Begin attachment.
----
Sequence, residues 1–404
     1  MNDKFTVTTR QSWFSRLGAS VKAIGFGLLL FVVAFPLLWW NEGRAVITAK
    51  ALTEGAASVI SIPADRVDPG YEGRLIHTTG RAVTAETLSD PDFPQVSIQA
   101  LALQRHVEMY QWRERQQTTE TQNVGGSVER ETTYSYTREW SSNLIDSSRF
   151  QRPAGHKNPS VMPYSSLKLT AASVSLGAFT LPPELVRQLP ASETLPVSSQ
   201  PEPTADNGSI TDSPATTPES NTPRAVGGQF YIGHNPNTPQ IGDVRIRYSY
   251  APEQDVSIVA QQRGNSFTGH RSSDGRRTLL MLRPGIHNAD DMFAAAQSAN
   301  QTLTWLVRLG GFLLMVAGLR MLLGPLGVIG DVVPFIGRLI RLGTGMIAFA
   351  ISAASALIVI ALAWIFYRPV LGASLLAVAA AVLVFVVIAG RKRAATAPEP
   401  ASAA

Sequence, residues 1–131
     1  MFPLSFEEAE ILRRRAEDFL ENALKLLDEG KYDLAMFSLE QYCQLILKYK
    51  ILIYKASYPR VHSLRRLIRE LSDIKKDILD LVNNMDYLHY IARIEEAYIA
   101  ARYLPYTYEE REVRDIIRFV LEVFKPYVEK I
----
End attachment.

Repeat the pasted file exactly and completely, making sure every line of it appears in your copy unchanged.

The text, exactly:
Sequence, residues 1–404
     1  MNDKFTVTTR QSWFSRLGAS VKAIGFGLLL FVVAFPLLWW NEGRAVITAK
    51  ALTEGAASVI SIPADRVDPG YEGRLIHTTG RAVTAETLSD PDFPQVSIQA
   101  LALQRHVEMY QWRERQQTTE TQNVGGSVER ETTYSYTREW SSNLIDSSRF
   151  QRPAGHKNPS VMPYSSLKLT AASVSLGAFT LPPELVRQLP ASETLPVSSQ
   201  PEPTADNGSI TDSPATTPES NTPRAVGGQF YIGHNPNTPQ IGDVRIRYSY
   251  APEQDVSIVA QQRGNSFTGH RSSDGRRTLL MLRPGIHNAD DMFAAAQSAN
   301  QTLTWLVRLG GFLLMVAGLR MLLGPLGVIG DVVPFIGRLI RLGTGMIAFA
   351  ISAASALIVI ALAWIFYRPV LGASLLAVAA AVLVFVVIAG RKRAATAPEP
   401  ASAA

Sequence, residues 1–131
     1  MFPLSFEEAE ILRRRAEDFL ENALKLLDEG KYDLAMFSLE QYCQLILKYK
    51  ILIYKASYPR VHSLRRLIRE LSDIKKDILD LVNNMDYLHY IARIEEAYIA
   101  ARYLPYTYEE REVRDIIRFV LEVFKPYVEK I